Sign in to follow this  
Ankles

[Resolved] Getting forward/up out of a quaternion.

Recommended Posts

Ankles    122
This is confusing even me - sorry in advance. A quaternion represents a vector and a rotation around that right? If you have a quaternion to represent an entity do you only need 1 or 3? With my current straight vector setup I have up, forwards and right vectors. If I was to change this over to quaternions for easier rotation does that mean I only need 1? If the vector component points "forwards", how then do I get an up and a sideways vector for jumping, strafing and turning? Or do you still have all 3 quaternions, but its now just easier to rotate them around each other? I think you should be able todo it all with just 1 quaterion but i can't see how. [Edited by - Ankles on May 21, 2006 6:50:08 AM]

Share this post


Link to post
Share on other sites
jyk    2094
- You only need one quaternion to represent your object's orientation.

- Although it's a common intuitive mistake, the 'axis' part of a rotation is not, in general, the same as the forward direction vector corresponding to that rotation. Usually none of the direction vectors is parallel to the axis.

- To get the direction vectors, just look up quaternion to matrix conversion; the direction vectors are the rows or columns of the matrix that is derived from the quaternion. The only gotcha is that if you use the wrong convention (row vectors instead of column vectors or vice versa), your rotations will be in the 'wrong' direction. Often this can simply go unnoticed without any ill effects, but it's still an important thing to get right.

- A quaternion is not always the best representation for an object's orientation. For example, if the object is a humanoid character, a player in an FPS game, a vehicle, or something similar (i.e. not 6DOF), then using a quat is largely a waste of time and just adds an unnecessary and potentially problematic intermediate step.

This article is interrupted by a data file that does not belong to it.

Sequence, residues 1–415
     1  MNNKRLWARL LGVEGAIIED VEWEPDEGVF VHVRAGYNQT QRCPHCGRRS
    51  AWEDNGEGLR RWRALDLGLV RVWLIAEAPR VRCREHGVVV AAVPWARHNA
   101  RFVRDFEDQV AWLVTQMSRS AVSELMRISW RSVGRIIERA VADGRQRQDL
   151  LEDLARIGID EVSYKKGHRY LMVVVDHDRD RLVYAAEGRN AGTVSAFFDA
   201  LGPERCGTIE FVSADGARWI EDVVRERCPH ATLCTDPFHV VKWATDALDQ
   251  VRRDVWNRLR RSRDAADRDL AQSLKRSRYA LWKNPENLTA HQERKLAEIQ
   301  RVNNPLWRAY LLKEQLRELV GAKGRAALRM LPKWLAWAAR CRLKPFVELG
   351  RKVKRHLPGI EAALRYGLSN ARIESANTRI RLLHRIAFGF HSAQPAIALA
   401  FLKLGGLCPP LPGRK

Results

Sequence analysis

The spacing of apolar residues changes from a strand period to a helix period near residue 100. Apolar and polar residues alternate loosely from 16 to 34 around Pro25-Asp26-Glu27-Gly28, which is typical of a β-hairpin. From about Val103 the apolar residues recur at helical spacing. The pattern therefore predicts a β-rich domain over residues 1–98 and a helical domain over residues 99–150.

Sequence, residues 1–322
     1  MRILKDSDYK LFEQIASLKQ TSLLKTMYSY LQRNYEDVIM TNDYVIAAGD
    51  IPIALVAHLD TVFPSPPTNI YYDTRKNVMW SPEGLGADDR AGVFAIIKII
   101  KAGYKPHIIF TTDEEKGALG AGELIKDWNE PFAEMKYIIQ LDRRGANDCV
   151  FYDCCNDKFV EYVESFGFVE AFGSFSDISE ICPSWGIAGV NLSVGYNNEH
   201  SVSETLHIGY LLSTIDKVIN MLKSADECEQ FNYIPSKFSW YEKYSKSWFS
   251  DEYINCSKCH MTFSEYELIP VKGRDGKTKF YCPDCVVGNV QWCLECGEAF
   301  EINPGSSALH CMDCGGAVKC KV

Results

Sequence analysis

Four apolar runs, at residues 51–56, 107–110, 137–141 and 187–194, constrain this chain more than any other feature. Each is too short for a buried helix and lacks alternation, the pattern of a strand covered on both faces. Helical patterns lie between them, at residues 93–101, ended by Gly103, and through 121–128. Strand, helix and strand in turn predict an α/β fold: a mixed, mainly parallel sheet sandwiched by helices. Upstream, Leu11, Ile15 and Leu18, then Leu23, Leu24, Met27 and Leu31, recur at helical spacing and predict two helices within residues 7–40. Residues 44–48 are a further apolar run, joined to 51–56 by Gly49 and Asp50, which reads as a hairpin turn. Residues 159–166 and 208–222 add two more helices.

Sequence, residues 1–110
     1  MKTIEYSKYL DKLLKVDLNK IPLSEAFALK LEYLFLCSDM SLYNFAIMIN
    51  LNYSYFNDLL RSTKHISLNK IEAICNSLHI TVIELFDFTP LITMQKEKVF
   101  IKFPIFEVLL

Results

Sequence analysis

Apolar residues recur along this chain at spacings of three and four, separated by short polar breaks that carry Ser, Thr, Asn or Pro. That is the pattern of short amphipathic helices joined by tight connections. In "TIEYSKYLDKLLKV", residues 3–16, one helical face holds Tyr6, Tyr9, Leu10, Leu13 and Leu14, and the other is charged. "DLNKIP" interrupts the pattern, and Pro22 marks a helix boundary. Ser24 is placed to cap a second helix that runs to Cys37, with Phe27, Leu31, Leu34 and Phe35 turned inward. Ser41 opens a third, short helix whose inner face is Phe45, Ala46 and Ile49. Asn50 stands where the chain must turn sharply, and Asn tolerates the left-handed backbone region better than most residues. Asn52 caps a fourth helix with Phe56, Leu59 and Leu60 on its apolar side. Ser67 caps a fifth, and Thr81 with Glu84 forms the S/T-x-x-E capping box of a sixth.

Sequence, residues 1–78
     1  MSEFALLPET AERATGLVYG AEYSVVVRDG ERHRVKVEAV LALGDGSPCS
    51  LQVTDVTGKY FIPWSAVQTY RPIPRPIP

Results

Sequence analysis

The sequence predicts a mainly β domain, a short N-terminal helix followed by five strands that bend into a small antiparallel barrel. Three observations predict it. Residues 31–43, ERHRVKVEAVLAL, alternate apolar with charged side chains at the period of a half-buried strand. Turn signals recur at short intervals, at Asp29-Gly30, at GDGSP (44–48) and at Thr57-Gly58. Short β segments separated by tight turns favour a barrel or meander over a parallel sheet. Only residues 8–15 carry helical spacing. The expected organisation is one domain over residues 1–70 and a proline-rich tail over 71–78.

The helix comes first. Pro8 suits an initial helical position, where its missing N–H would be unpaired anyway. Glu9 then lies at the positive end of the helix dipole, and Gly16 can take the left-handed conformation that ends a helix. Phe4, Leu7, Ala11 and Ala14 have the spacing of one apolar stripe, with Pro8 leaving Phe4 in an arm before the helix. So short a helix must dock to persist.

Share this post


Link to post
Share on other sites
Ankles    122
Quote:
Original post by jyk
- To get the direction vectors, just look up quaternion to matrix conversion; the direction vectors are the rows or columns of the matrix that is derived from the quaternion.

- A quaternion is not always the best representation for an object's orientation.


Currently I'm looking at developing a little space sim kinda game rather than a FPS so I'm hoping Quats can help me out. I've done a few 1st/3rd person games and my code for that works great, but when y isn't always up my current stuff fails. Hence I'm now looking to quaternions. Also I like learning new stuff so it'll be fun anyway :D


I have code in my Quaternion class to convet it backto a matrix. If I do that then my up, right and forward vectors are just the colums (or rows) of that matrix? thats awsome if it works. Any way to know weather I want the columns or rows? I'll trial and error it for now, see what I get - ty for the info!

/me goes off to try it

Share this post


Link to post
Share on other sites
jyk    2094
Quote:
Currently I'm looking at developing a little space sim kinda game rather than a FPS so I'm hoping Quats can help me out. I've done a few 1st/3rd person games and my code for that works great, but when y isn't always up my current stuff fails. Hence I'm now looking to quaternions. Also I like learning new stuff so it'll be fun anyway :D